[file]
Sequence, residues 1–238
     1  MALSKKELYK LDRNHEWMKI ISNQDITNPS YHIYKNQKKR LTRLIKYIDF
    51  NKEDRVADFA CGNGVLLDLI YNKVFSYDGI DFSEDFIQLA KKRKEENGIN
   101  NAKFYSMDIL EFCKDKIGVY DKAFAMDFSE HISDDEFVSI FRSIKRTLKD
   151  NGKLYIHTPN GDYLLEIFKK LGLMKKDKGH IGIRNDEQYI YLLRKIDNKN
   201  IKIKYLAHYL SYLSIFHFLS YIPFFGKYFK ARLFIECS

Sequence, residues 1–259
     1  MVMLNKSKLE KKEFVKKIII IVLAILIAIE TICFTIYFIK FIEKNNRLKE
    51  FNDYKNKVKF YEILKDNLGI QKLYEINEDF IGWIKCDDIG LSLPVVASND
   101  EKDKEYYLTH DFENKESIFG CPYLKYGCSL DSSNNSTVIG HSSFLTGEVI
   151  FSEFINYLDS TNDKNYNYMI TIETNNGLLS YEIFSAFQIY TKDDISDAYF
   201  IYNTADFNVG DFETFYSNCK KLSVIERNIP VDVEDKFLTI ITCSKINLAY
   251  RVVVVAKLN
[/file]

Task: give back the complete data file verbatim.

Sequence, residues 1–238
     1  MALSKKELYK LDRNHEWMKI ISNQDITNPS YHIYKNQKKR LTRLIKYIDF
    51  NKEDRVADFA CGNGVLLDLI YNKVFSYDGI DFSEDFIQLA KKRKEENGIN
   101  NAKFYSMDIL EFCKDKIGVY DKAFAMDFSE HISDDEFVSI FRSIKRTLKD
   151  NGKLYIHTPN GDYLLEIFKK LGLMKKDKGH IGIRNDEQYI YLLRKIDNKN
   201  IKIKYLAHYL SYLSIFHFLS YIPFFGKYFK ARLFIECS

Sequence, residues 1–259
     1  MVMLNKSKLE KKEFVKKIII IVLAILIAIE TICFTIYFIK FIEKNNRLKE
    51  FNDYKNKVKF YEILKDNLGI QKLYEINEDF IGWIKCDDIG LSLPVVASND
   101  EKDKEYYLTH DFENKESIFG CPYLKYGCSL DSSNNSTVIG HSSFLTGEVI
   151  FSEFINYLDS TNDKNYNYMI TIETNNGLLS YEIFSAFQIY TKDDISDAYF
   201  IYNTADFNVG DFETFYSNCK KLSVIERNIP VDVEDKFLTI ITCSKINLAY
   251  RVVVVAKLN